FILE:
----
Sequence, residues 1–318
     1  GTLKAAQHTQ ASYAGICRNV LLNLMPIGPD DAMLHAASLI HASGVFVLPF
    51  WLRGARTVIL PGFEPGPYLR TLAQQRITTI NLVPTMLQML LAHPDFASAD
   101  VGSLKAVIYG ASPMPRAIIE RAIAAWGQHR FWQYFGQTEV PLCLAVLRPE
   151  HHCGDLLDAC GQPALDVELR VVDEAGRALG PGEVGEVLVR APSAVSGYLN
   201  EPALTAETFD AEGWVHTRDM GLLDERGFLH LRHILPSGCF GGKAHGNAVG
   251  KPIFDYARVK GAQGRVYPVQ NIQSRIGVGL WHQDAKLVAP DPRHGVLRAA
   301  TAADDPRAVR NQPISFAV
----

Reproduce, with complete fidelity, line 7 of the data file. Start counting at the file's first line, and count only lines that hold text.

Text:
   251  KPIFDYARVK GAQGRVYPVQ NIQSRIGVGL WHQDAKLVAP DPRHGVLRAA